Does GENOA have pre- and post-processing capabilities?
Yes. GENOA utilizes an advanced post- and limited pre-processor to set up the input data and post processors to:

No Mesh Generator: FE models can be imported from NASTRAN; ABAQUS or ANSYS
The material properties and ply schedules, thermo-mechanical boundary and loading conditions can be edited or defined from scratch using GENOA pre-processor
Surfaces, node sets and several contact can also be defined in GENOA pre-processor
FE models can be easily set/modified for static, fatigue, impact or other type analysis
Output data
Animate output
Produce contour plots of stresses, strains, and displacements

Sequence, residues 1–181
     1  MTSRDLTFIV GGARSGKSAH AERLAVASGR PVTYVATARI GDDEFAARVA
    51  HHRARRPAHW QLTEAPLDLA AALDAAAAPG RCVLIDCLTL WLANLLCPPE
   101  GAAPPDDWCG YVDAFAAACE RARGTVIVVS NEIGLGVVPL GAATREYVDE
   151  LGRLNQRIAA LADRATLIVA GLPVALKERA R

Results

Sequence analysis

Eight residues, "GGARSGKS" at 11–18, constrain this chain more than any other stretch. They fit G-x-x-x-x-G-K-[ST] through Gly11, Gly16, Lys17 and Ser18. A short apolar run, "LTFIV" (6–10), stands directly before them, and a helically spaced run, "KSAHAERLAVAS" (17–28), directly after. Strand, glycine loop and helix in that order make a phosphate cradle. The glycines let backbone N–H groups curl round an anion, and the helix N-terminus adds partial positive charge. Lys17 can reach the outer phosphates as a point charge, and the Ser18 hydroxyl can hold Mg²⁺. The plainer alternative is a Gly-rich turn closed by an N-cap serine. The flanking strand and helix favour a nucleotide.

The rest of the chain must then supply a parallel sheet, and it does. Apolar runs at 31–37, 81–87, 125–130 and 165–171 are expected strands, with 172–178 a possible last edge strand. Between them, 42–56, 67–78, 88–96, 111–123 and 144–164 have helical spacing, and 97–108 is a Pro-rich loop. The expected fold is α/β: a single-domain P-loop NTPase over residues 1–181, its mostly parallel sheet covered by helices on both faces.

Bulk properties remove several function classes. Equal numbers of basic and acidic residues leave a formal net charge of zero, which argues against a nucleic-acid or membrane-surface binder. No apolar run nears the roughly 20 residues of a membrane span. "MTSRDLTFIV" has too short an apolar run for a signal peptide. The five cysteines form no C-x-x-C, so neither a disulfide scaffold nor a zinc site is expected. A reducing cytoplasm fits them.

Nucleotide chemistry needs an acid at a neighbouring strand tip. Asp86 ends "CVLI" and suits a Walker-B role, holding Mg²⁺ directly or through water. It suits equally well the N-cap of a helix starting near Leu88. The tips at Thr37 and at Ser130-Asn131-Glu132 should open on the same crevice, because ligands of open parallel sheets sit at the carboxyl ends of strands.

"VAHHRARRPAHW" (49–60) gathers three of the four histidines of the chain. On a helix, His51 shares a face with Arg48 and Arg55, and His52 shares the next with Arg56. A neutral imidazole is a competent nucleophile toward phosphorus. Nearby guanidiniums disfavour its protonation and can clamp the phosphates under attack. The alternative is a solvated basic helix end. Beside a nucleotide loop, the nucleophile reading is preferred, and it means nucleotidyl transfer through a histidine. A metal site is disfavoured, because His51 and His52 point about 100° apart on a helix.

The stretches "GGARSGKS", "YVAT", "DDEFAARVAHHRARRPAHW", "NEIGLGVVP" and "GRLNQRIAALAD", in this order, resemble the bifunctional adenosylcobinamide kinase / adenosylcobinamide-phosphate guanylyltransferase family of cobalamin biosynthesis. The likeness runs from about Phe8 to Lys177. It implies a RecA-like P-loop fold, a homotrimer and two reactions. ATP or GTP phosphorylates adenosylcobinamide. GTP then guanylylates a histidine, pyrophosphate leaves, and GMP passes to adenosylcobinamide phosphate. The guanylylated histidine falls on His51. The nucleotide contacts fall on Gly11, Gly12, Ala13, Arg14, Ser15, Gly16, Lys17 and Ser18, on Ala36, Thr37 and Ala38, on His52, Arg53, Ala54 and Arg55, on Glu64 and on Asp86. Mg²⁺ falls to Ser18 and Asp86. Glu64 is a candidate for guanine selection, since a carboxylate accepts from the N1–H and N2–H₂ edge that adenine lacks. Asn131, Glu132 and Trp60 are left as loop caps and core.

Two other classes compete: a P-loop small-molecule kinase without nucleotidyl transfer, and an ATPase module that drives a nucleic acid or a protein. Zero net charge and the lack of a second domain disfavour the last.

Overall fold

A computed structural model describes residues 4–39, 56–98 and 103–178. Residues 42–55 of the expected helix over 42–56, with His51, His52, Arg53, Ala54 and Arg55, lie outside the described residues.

Damage progression and fracture animation
Detailed anatomy of damaged plies and associated failure modes
Energy release rate plots

Can GENOA be used for general structural analysis?
Yes, GENOA can perform: static, buckling, dynamic, modal, fatigue (low and high cycle), creep, impact, and random vibration.

Can GENOA be used to predict damage progression in buckled structures?
Yes. GENOA can be used to predict damage progression in buckled and post-buckled structures.

What type of loadings can GENOA handle?
GENOA is devised to handle static (force, pressure, and edge traction), body force (centrifugal), time dependent, and temperature loading.




Modeling and Finite Element Analysis in GENOA

What does a typical GENOA model look like?
A typical GENOA model will contain finite element description (nodes, elements, loads and boundary conditions), ply schedules and material specifications. For example, starting with a traditional NASTRAN finite element model, the GENOA graphics user interface (GUI) will generate for you the composite ply schedules and the fiber/matrix/interface or lamina properties.

What is a ply schedule?